>>> winkler_examples = [("billy", "billy"), ("billy", "bill"), ("billy", "blily"),
... ("massie", "massey"), ("yvette", "yevett"), ("billy", "bolly"), ("dwayne", "duane"),
... ("dixon", "dickson"), ("billy", "susan")]

>>> winkler_scores = [1.000, 0.967, 0.947, 0.944, 0.911, 0.893, 0.858, 0.853, 0.000]
>>> jaro_scores =    [1.000, 0.933, 0.933, 0.889, 0.889, 0.867, 0.822, 0.790, 0.000]

# One way to match the values on the Winkler's paper is to provide a different
# p scaling factor for different pairs of strings, e.g.
>>> p_factors = [0.1, 0.125, 0.20, 0.125, 0.20, 0.20, 0.20, 0.15, 0.1]

>>> for (s1, s2), jscore, wscore, p in zip(winkler_examples, jaro_scores, winkler_scores, p_factors):
...     assert round(jaro_similarity(s1, s2), 3) == jscore
...     assert round(jaro_winkler_similarity(s1, s2, p=p), 3) == wscore

Test using outputs from https://www.census.gov/srd/papers/pdf/rr94-5.pdf from
"Table 2.1. Comparison of String Comparators Using Last Names, First Names, and Street Names"

>>> winkler_examples = [('SHACKLEFORD', 'SHACKELFORD'), ('DUNNINGHAM', 'CUNNIGHAM'),
... ('NICHLESON', 'NICHULSON'), ('JONES', 'JOHNSON'), ('MASSEY', 'MASSIE'),
... ('ABROMS', 'ABRAMS'), ('HARDIN', 'MARTINEZ'), ('ITMAN', 'SMITH'),
... ('JERALDINE', 'GERALDINE'), ('MARHTA', 'MARTHA'), ('MICHELLE', 'MICHAEL'),
... ('JULIES', 'JULIUS'), ('TANYA', 'TONYA'), ('DWAYNE', 'DUANE'), ('SEAN', 'SUSAN'),
... ('JON', 'JOHN'), ('JON', 'JAN'), ('BROOKHAVEN', 'BRROKHAVEN'),
... ('BROOK HALLOW', 'BROOK HLLW'), ('DECATUR', 'DECATIR'), ('FITZRUREITER', 'FITZENREITER'),
... ('HIGBEE', 'HIGHEE'), ('HIGBEE', 'HIGVEE'), ('LACURA', 'LOCURA'), ('IOWA', 'IONA'), ('1ST', 'IST')]

>>> jaro_scores =   [0.970, 0.896, 0.926, 0.790, 0.889, 0.889, 0.722, 0.467, 0.926,
... 0.944, 0.869, 0.889, 0.867, 0.822, 0.783, 0.917, 0.000, 0.933, 0.944, 0.905,
... 0.856, 0.889, 0.889, 0.889, 0.833, 0.000]

>>> winkler_scores = [0.982, 0.896, 0.956, 0.832, 0.944, 0.922, 0.722, 0.467, 0.926,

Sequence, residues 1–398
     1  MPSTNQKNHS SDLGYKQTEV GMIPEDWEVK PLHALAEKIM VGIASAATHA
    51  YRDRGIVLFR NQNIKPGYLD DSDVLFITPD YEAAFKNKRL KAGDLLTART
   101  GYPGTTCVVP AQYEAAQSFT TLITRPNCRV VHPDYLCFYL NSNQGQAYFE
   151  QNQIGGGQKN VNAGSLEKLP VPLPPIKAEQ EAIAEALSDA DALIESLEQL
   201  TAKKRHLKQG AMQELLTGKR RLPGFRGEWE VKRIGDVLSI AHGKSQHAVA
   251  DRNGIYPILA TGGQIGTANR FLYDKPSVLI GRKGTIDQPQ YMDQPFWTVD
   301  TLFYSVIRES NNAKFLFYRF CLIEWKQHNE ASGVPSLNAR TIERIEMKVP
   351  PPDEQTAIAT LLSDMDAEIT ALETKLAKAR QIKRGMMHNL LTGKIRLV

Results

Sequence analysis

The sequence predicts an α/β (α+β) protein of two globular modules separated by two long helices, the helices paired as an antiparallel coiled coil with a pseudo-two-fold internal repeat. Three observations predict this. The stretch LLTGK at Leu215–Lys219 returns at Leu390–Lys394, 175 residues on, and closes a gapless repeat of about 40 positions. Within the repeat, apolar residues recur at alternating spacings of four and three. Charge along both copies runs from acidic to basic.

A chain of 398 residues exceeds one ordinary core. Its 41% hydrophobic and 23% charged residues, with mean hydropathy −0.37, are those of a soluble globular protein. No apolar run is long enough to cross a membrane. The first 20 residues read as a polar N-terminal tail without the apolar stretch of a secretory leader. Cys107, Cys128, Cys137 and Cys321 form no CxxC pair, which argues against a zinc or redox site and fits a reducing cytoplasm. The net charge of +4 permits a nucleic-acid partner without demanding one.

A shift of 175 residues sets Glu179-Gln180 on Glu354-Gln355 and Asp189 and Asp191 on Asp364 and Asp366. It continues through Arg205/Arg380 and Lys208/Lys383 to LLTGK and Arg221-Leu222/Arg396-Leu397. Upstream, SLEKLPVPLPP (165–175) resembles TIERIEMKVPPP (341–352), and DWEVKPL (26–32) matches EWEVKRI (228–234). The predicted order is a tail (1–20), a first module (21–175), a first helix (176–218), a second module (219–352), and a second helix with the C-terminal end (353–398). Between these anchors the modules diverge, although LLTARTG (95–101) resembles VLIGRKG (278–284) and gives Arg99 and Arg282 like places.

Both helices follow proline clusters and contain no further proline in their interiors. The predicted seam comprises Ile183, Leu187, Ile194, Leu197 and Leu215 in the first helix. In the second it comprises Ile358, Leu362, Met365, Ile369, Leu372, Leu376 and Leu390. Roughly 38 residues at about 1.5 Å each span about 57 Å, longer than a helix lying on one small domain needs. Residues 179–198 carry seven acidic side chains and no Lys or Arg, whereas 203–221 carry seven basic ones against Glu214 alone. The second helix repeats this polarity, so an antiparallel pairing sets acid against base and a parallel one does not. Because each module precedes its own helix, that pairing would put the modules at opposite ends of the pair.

... 0.961, 0.921, 0.933, 0.880, 0.858, 0.805, 0.933, 0.000, 0.947, 0.967, 0.943,
... 0.913, 0.922, 0.922, 0.900, 0.867, 0.000]

# One way to match the values on the Winkler's paper is to provide a different
# p scaling factor for different pairs of strings, e.g.
>>> p_factors = [0.1, 0.1, 0.1, 0.1, 0.125, 0.1, 0.1, 0.1, 0.1, 0.1, 0.1, 0.1, 0.1, 0.20,
... 0.1, 0.1, 0.1, 0.1, 0.1, 0.1, 0.1, 0.1, 0.1, 0.1, 0.1, 0.1]

>>> for (s1, s2), jscore, wscore, p in zip(winkler_examples, jaro_scores, winkler_scores, p_factors):
...     if (s1, s2) in [('JON', 'JAN'), ('1ST', 'IST')]:
...         continue  # Skip bad examples from the paper.
...     assert round(jaro_similarity(s1, s2), 3) == jscore
...     assert round(jaro_winkler_similarity(s1, s2, p=p), 3) == wscore

This test-case proves that the output of Jaro-Winkler similarity depends on
the product  l * p and not on the product max_l * p. Here the product max_l * p > 1
however the product l * p <= 1

>>> round(jaro_winkler_similarity('TANYA', 'TONYA', p=0.1, max_l=100), 3)
0.88

"""
# To ensure that the output of the Jaro-Winkler's similarity
# falls between [0,1], the product of l * p needs to be
# also fall between [0,1].
if not 0 <= max_l * p <= 1:
warnings.warn(
str(
"The product  `max_l * p` might not fall between [0,1]."
"Jaro-Winkler similarity might not be between 0 and 1."
)
)

# Compute the Jaro similarity
jaro_sim = jaro_similarity(s1, s2)

# Initialize the upper bound for the no. of prefixes.
# if user did not pre-define the upperbound,
# use shorter length between s1 and s2

# Compute the prefix matches.
l = 0
# zip() will automatically loop until the end of shorter string.
for s1_i, s2_i in zip(s1, s2):
if s1_i == s2_i:
l += 1
else:
break
if l == max_l:
break
# Return the similarity value as described in docstring.
return jaro_sim + (l * p * (1 - jaro_sim))

[docs]def demo():
string_distance_examples = [
("rain", "shine"),
("abcdef", "acbdef"),
("language", "lnaguaeg"),
("language", "lnaugage"),
("language", "lngauage"),
]
for s1, s2 in string_distance_examples:
print("Edit distance btwn '%s' and '%s':" % (s1, s2), edit_distance(s1, s2))
print(
"Edit dist with transpositions btwn '%s' and '%s':" % (s1, s2),
edit_distance(s1, s2, transpositions=True),
)
print("Jaro similarity btwn '%s' and '%s':" % (s1, s2), jaro_similarity(s1, s2))
print(
"Jaro-Winkler similarity btwn '%s' and '%s':" % (s1, s2),
jaro_winkler_similarity(s1, s2),
)
print(
"Jaro-Winkler distance btwn '%s' and '%s':" % (s1, s2),
1 - jaro_winkler_similarity(s1, s2),
)
s1 = set([1, 2, 3, 4])
s2 = set([3, 4, 5])
print("s1:", s1)
print("s2:", s2)
print("Binary distance:", binary_distance(s1, s2))
print("Jaccard distance:", jaccard_distance(s1, s2))
print("MASI distance:", masi_distance(s1, s2))

if __name__ == "__main__":
demo()
```